Note: it may feel awkward at first, but employers do have some responsibility to accommodate disabilities and illness, so speak up. Our Friend in the Fight, Hannah Olson of Chronically Capable, is working hard to make sure employers can meet the needs of our community.  Learn more about her work here.

3. Steps you can take on your own when working with a chronic illness

If your employer is unable to meet all of your requests, or if they want you to meet them halfway, there are some things you can do.

  • Maintain positive habits like an early bedtime, eating well, and managing your spoon output.
  • Set up a morning routine that is slow, deliberate, and involves meditation, movement, or other methods for getting your body and mind ready for the day.
  • Have a person or two who you can talk to (either coworkers or someone reachable by phone) if you’re stuck at work and feeling iffy.  It can reduce symptoms by simply sharing your fears and pain with someone.  
  • Experiment with different clothing to find whatever will support you at work. 
    • For me, that meant supportive footwear, bras that don’t aggravate my spinal symptoms, compression stockings, and layers to throw on and off based on hot flashes and chills.
  • Bring whatever gear will help you. Needs snacks to keep you going? Ice packs or heating pads for pain and temperature management?  Masks for odor sensitivity? Mighty Med Planner for all of your meds? Consider getting an extra set of all of your gear to leave at work.  And if you feel funky, don’t forget to use it!  
  • Make sure your chair/desk situation is a good fit for you.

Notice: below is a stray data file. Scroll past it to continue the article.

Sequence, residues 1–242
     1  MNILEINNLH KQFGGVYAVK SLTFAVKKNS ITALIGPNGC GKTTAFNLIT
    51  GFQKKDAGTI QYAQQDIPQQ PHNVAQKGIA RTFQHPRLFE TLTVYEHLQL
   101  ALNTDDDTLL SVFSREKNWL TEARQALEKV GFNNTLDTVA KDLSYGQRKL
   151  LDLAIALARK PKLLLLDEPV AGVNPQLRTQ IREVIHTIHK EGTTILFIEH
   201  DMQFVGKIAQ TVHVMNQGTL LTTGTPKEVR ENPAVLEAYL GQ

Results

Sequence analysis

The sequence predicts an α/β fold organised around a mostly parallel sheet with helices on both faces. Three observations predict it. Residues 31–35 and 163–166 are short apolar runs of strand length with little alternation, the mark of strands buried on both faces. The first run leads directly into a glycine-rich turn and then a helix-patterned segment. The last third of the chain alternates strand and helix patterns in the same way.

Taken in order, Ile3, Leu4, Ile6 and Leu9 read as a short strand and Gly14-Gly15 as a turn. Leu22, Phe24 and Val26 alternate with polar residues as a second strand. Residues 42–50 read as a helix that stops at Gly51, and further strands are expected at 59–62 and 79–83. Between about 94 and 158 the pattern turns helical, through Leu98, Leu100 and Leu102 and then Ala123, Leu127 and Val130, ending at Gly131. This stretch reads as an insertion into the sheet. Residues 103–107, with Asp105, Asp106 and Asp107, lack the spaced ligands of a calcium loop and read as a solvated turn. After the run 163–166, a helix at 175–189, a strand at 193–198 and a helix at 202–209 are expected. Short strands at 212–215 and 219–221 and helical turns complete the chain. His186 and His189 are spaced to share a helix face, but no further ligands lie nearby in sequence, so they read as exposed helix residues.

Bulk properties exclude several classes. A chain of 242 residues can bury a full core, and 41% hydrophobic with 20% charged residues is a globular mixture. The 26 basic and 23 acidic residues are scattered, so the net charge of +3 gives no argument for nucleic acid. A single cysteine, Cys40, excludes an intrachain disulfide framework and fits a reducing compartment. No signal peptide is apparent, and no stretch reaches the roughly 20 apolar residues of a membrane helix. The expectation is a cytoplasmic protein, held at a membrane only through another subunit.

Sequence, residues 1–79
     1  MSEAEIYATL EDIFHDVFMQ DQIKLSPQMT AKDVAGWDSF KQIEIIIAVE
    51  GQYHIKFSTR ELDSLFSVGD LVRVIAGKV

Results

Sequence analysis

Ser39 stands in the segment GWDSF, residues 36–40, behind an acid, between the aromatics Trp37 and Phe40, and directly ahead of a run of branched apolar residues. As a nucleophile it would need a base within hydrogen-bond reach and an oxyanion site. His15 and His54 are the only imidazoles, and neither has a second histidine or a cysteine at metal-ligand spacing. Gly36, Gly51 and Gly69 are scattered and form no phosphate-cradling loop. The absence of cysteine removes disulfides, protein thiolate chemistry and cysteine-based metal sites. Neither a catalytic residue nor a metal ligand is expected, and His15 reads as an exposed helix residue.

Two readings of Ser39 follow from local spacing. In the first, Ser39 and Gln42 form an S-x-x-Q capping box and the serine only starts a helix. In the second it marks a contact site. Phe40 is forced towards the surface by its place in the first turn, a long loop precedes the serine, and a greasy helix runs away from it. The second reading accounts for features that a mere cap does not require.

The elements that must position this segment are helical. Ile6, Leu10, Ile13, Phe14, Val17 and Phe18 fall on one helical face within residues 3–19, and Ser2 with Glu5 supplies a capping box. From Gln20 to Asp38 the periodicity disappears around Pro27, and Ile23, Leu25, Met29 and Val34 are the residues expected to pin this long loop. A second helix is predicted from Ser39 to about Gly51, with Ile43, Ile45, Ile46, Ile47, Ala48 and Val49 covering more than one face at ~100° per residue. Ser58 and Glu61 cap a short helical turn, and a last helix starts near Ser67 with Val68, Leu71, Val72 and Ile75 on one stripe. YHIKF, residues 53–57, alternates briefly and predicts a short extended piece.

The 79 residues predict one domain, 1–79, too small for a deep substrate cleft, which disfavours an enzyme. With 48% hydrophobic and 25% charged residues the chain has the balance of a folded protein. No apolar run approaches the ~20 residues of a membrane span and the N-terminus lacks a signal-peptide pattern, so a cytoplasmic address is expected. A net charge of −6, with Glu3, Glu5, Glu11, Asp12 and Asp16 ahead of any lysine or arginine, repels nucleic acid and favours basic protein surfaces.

• Have a list of menial tasks for brain fog moments so that you can still be productive.
  • You know your limits, don’t push yourself too hard – it is better to periodically rest your body and mind then to try and push through and crash.

4. Find meaning and purpose outside of working

The reality is that you may need to give up your dream job.  Many spoonies choose less fulfilling jobs that are better suited for their bodies or take time off from work completely.  Whatever your work scenario is right now, remember that you can always find meaning and purpose in life outside of your job!  Volunteer at a local non-profit, call elected officials to impact the world around you, create some form of art, or mentor someone who needs it.   Write to loved ones about why you’re thankful for them. The options are limitless; there are so many ways to explore your passions and make the world a little brighter.

“Nice to meet you!  So, what do you do?”

You know that moment – you’ve just met someone new, and they’re hoping to learn a bit about you, so they ask, “So, what do you do?”  This question can be tricky – maybe you’re unable to work, or at least not in a field of your choice. Situations like these can feel awkward and even isolating to know that your answer won’t give this new acquaintance an accurate picture of the person you want them to see. 

Feel free to share with them what you do that matters!  Just because it may not involve a paycheck doesn’t mean it’s worthless.  You can also share a degree you have or a field you used to work in and then add, “I’m taking some time off right now and have been getting really into ___________.”  If you want to share the reality of your health situation, try briefly stating, “I can’t work right now due to chronic illness, but I’ve been spending a lot of time ________.”

And, just a reminder here that this question may not be the best to ask others.  The person may be a spoonie or caring for an aging relative or raising children and feel uncomfortable with the assumption that they are “working” in the traditional sense.  Perhaps more importantly, our careers in no way define our worth. Everyone, whether fully employed or otherwise, benefits from asking better questions. For example, we asked some Friends in the Fight™, and these are some questions they’d rather be asked: